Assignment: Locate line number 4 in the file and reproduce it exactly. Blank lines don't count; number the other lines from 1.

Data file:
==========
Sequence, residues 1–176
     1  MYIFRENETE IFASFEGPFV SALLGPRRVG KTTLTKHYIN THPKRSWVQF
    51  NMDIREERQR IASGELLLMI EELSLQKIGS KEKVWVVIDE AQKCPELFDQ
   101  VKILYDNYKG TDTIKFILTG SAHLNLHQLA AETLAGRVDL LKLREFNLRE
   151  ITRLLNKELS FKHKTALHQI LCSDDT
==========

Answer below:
   101  VKILYDNYKG TDTIKFILTG SAHLNLHQLA AETLAGRVDL LKLREFNLRE